The content of this video is based on the
book The Plant Paradox by Dr. Steven Gundry. Plants have physical strategies to protect
themselves, but also chemical – one of which are lectins. The most well known lectin is gluten, but
gluten is just the tip of the iceberg. Lectins are proteins, and serve as a protection
mechanism of plants towards insects and other plant predators, being produced in the skin
as an outside barrier – and concentrated in the all-important seeds which is the next
generation of the species. Italians have traditionally always removed
the skin and seeds of the tomato. Whether they knew it or not, they were actually
removing most of the lectins. The same plant toxins that can kill or weaken
an insect are also capable of silently destroying your health. Because of our size, the effects of these
lectins are subtle, but over the years they can accumulate and cause conditions such as
auto-immune disease. The good news is that these issues can be
reversed by first healing your gut, learning which lectins you are personally sensitive
to, and avoiding them. Not all lectins are bad, some are actually
healthy. What determines how well you handle certain
lectins depends on your ancestry. The longer your ancestors consumed specific
lectins, the more time and opportunity their immune system and microbiome had to develop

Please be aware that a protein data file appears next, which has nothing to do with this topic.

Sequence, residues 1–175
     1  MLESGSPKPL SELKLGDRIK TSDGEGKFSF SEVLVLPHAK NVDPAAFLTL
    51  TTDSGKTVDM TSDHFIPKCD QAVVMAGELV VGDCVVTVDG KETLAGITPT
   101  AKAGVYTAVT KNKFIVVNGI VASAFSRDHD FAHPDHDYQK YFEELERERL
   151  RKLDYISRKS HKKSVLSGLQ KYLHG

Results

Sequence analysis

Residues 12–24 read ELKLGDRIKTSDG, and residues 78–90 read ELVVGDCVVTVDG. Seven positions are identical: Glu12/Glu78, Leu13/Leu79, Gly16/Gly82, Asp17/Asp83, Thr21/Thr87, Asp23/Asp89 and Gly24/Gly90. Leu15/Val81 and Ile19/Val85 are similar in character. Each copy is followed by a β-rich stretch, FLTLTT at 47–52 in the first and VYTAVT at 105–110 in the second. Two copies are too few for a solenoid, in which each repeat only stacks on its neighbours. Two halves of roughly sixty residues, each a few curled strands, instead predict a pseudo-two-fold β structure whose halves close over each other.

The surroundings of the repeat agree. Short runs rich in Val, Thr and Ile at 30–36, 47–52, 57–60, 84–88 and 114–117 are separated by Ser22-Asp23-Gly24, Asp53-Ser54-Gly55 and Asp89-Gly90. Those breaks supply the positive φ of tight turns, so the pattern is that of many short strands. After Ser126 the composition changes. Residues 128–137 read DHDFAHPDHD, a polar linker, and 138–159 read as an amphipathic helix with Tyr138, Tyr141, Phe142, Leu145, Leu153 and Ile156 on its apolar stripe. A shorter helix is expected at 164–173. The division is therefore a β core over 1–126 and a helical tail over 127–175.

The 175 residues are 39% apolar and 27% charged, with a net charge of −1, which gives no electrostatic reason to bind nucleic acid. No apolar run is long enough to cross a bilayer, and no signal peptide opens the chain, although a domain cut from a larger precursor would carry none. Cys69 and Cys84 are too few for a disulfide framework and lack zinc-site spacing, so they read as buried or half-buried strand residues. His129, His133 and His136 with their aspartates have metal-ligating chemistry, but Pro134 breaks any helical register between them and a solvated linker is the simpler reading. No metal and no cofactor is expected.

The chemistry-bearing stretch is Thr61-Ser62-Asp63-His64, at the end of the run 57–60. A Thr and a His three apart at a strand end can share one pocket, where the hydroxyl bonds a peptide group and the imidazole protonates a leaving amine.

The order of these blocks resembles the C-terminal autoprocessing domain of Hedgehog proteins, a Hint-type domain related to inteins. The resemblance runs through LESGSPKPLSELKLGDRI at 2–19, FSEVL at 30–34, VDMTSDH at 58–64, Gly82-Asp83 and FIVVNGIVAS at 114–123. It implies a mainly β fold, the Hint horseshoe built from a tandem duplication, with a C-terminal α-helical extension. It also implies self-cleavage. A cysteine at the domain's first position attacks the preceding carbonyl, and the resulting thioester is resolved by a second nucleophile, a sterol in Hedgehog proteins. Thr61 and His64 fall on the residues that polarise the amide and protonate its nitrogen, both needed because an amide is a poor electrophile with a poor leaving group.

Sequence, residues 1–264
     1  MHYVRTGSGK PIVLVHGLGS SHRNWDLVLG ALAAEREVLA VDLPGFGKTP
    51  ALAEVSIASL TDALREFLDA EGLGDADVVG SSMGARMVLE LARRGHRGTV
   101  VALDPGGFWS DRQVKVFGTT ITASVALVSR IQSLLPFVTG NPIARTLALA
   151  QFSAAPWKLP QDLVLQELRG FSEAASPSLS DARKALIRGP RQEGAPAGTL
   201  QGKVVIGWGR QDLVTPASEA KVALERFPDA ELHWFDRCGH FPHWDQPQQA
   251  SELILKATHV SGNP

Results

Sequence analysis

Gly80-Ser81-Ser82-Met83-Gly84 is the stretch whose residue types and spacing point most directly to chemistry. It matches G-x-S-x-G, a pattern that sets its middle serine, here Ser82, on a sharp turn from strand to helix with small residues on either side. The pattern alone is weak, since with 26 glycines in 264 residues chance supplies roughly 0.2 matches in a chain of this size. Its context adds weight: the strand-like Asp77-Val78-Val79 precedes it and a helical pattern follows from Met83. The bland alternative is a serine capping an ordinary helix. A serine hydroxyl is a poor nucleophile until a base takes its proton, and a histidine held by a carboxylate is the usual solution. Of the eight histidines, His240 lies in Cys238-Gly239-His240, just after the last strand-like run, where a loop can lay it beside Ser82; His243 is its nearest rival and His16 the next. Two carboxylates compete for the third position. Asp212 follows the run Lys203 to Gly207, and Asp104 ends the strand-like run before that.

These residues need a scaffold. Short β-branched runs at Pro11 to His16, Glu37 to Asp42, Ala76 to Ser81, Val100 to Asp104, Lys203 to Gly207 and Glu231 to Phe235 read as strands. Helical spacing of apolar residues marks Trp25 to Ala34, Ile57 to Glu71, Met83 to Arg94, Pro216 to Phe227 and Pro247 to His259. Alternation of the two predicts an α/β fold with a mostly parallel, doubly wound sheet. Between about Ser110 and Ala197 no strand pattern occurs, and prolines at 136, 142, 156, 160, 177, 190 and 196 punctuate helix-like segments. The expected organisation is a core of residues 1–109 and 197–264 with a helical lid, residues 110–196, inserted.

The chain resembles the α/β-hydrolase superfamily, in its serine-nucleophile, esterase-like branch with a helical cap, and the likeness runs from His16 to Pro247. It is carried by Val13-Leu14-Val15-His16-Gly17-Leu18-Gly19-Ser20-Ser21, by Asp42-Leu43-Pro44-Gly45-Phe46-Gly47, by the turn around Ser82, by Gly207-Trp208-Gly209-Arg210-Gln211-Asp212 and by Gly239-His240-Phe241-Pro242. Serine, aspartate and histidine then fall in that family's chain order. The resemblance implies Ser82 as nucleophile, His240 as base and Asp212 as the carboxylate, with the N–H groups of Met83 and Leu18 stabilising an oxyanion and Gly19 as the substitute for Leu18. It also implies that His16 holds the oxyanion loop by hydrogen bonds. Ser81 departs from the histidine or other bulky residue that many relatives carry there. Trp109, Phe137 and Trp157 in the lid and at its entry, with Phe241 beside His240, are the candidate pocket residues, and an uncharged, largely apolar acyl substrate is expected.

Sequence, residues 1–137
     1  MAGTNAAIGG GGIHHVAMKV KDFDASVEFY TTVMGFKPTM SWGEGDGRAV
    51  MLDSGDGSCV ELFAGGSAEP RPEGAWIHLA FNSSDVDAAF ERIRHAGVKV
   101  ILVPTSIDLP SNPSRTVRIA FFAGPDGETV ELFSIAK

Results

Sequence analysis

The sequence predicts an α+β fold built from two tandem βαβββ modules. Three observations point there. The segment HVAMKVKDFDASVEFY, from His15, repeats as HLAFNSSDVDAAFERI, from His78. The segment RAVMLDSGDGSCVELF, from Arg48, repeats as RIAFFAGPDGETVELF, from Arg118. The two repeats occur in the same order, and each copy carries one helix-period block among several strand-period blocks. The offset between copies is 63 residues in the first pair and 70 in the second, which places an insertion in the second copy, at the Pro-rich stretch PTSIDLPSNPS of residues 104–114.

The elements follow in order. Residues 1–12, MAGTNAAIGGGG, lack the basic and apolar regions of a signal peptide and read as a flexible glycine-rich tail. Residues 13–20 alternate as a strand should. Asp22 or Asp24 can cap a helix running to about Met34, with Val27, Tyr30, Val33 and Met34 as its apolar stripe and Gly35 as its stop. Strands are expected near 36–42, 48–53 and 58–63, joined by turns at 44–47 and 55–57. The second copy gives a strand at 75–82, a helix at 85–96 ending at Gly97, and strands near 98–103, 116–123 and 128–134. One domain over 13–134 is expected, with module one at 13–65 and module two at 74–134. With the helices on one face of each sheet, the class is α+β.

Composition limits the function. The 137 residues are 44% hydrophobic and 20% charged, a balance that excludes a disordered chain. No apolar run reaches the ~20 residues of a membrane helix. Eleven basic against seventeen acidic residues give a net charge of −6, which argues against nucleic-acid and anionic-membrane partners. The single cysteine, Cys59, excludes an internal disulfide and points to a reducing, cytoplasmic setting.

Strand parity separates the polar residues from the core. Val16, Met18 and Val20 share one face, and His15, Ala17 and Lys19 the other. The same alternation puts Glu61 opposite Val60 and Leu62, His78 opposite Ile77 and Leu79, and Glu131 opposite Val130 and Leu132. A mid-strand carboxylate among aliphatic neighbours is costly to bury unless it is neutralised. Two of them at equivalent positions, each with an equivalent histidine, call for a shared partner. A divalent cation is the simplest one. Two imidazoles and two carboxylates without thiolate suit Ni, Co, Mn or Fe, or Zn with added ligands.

a tolerance to them. Our bodies have an elaborate defense system
towards lectins. Our saliva, mucus, stomach acid, and microbiome,
all contribute in neutralizing and digesting lectins. If all is well with your gut health, lectins
should not be successful in getting through your intestinal wall and entering your blood,
which is where they can do real damage. Through molecular mimicry and being almost
indistinguishable from other natural proteins in our body, they trick the immune system
into attacking our own organs. They also have the ability to act like hormones,
sometimes blocking our real hormones. The book outlines a few major occurrences
in the recent history of humans that have introduced problematic lectins into our diets. Firstly, the agricultural revolution about
10,000 years ago. Up until that point humans had never consumed
legumes or grains. Human skeleton remains show that after this
period average human height and brain size decreased dramatically, and the first cases
of arthritis were noticed. Our ancestors did have their ways to minimize